Suja A. Thomas (University of Cincinnati College of Law) has posted Why the Motion to Dismiss is Now Unconstitutional on SSRN. Here is the abstract:
This Article is the first to address the issue of the constitutionality of the motion to dismiss. Until now, motions to dismiss have not been the subject of much academic commentary, in part because courts have rarely dismissed cases upon motions to dismiss. However, decisions by the Court this past term in Bell Atlantic Corp. v. Twombly and Tellabs, Inc. v. Makor Issues & Rights, Ltd. changed the civil procedure landscape tremendously. In these decisions, the Court “retire[d]” the fifty-year-old rule of Conley v. Gibson under which a complaint could be not dismissed unless there was “no set of facts” upon which relief could be granted. The Court cast this rule away in favor of a standard under which courts critically assess whether the claim is plausible and at times, examine inferences that favor both the plaintiff and the defendant. In doing so, the Court emphasized the concern that companies should not be subject to discovery and forced settlements in unmeritorious cases and also stressed that Congress and the rule-makers possessed the authority to establish pleading procedures. Under the new standards, courts will dismiss cases much more often using the motion to dismiss. This impending phenomenon of increased dismissals by judges before the fact-finder hears any evidence is noteworthy. It will compound a significant decline in the number of jury trials due to dismissals upon summary judgment. This is especially troublesome in the presence of the Seventh Amendment that, by its text and history, strongly protects the right to a jury trial. Under established Supreme Court case law interpreting the Seventh Amendment, the “common law” governs the power of constitutional actors such as the courts and Congress to interfere with the jury trial. Under this case law, a modern procedure must satisfy the substance of the English common law jury trial in 1791 to be constitutional under the Seventh Amendment. This Article argues that Twombly and Tellabs significantly altered the Supreme Court jurisprudence on the Seventh Amendment. In Twombly, albeit not raised, the Court failed to recognize the important Seventh Amendment issue that overlay its decision despite the significant effect of the decision on the right to a jury trial. In Tellabs, where it did recognize a Seventh Amendment question, the Court ignored the governing common law. These cases open up a new constitutional discussion that tests the limits of the Seventh Amendment. The Article shows that the new motion to dismiss standards do not adequately comport with the substance of the common law jury trial and thus are unconstitutional. Contrary to the common law, these standards permit courts to improperly assess the plausibility of facts and corresponding inferences pled by plaintiffs and weigh those inferences against inferences that favor defendants. The Article concludes that while Twombly and Tellabs were in the limited areas of antitrust and securities fraud, the standards set forth in those cases will be used to dismiss a variety of fact-intensive cases including those frequently dismissed upon summary judgment such as employment discrimination and other civil rights cases.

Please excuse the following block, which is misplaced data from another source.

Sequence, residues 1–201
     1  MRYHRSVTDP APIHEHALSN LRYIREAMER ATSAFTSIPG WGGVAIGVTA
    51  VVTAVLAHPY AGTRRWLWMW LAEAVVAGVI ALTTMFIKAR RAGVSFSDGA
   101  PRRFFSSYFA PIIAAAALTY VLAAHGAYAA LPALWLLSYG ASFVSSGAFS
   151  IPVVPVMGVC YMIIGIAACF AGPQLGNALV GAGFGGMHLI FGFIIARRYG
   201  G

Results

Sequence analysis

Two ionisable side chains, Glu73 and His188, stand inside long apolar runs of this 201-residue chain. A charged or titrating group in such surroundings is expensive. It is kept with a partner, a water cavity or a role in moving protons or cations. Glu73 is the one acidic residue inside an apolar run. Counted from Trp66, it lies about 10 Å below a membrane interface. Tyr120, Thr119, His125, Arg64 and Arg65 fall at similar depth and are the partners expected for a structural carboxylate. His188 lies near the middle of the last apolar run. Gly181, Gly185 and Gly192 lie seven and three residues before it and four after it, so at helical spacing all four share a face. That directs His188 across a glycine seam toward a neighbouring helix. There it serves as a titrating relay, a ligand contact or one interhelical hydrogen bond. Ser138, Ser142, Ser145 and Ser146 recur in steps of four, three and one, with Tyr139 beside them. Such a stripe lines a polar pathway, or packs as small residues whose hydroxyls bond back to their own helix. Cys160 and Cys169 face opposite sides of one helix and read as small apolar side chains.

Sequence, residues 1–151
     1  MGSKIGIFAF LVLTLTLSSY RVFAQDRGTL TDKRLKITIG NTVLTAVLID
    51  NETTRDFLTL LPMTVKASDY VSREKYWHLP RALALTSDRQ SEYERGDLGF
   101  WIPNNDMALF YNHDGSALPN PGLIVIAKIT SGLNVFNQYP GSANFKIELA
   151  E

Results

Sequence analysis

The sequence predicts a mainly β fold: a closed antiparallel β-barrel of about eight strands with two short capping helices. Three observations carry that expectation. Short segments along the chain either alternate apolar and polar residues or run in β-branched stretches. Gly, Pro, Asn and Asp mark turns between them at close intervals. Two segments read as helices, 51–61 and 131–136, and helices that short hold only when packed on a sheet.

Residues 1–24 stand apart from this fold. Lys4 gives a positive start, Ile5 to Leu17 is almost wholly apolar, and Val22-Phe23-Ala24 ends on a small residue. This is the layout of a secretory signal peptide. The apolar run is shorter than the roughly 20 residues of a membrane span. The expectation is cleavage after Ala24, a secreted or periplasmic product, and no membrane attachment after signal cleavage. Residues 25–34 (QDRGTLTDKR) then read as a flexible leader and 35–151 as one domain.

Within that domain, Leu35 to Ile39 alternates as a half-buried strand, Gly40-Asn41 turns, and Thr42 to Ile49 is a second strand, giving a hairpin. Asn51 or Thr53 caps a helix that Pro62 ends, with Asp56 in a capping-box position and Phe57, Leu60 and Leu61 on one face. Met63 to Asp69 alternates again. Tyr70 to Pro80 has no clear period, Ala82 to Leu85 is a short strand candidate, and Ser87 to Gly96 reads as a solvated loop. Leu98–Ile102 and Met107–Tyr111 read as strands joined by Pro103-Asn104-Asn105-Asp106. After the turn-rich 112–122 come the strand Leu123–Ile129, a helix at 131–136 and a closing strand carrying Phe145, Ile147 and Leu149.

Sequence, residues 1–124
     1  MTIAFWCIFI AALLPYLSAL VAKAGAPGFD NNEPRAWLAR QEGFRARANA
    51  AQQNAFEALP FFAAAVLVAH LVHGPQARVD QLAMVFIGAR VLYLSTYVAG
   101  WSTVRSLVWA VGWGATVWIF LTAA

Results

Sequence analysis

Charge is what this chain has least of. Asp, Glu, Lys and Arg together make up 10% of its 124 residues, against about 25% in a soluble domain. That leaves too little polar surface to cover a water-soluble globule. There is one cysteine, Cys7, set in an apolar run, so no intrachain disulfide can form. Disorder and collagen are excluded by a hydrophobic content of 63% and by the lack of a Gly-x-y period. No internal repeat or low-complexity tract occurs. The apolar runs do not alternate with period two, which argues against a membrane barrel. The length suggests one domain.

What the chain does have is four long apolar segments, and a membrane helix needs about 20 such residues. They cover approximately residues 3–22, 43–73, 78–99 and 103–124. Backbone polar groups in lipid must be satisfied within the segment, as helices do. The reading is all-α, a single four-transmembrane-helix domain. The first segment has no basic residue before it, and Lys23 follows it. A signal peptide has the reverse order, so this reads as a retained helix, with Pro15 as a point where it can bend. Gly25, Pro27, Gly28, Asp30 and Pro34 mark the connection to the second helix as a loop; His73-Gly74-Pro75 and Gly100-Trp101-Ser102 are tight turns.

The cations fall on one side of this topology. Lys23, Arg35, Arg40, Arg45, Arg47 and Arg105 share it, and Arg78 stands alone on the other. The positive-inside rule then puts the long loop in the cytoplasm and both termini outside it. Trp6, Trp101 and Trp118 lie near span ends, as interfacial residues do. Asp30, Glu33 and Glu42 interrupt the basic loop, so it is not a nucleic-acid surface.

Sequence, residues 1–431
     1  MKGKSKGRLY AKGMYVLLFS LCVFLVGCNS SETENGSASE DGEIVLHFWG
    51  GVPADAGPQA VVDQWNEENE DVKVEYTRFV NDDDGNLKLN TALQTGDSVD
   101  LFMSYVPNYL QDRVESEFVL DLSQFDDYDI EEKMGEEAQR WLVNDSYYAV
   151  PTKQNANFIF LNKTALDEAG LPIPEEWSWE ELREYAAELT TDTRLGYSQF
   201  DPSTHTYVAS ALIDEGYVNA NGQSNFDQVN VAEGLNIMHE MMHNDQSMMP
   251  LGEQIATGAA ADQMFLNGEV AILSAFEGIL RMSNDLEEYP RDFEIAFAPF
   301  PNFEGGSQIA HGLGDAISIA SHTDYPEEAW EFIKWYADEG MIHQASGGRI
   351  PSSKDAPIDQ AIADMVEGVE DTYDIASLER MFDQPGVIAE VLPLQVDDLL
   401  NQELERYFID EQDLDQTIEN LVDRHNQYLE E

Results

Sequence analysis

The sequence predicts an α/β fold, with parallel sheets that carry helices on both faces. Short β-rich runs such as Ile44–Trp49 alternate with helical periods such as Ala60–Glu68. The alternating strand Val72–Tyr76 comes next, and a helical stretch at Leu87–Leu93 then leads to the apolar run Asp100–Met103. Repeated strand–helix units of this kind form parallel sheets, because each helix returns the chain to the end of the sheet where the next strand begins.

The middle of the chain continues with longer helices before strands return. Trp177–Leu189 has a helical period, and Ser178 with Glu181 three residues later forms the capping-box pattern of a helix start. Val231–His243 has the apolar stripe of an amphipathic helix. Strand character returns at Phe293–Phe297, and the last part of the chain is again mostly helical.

And a bit more from the text:
While the motion to dismiss under Conley and the demurrer to the pleadings share significant characteristics, this analysis changes when a comparison is made between the new motion to dismiss standard under Twombly and Tellabs and the demurrer to the pleadings. The new motion to dismiss adds the requirement that the plaintiff must plead a plausible claim, and in some circumstances permits a court to examine inferences that favor the plaintiff and the defendant.118
Under these standards, the court does not simply accept the facts and corresponding inferences alleged by the plaintiff as true, as was required under the common law demurrer to the pleading. Instead, the court examines the facts and decides the plausibility of the inferences that favor the plaintiff and in some circumstances the plausibility of the inferences that favor defendant. Neither analysis was permitted under the common law. A court simply accepted the facts pled by the plaintiff and any inference in support of the plaintiff’s claim was accepted, however improbable any such inferences might be.119
Another important & well-argued piece from Thomas. Highly recommended!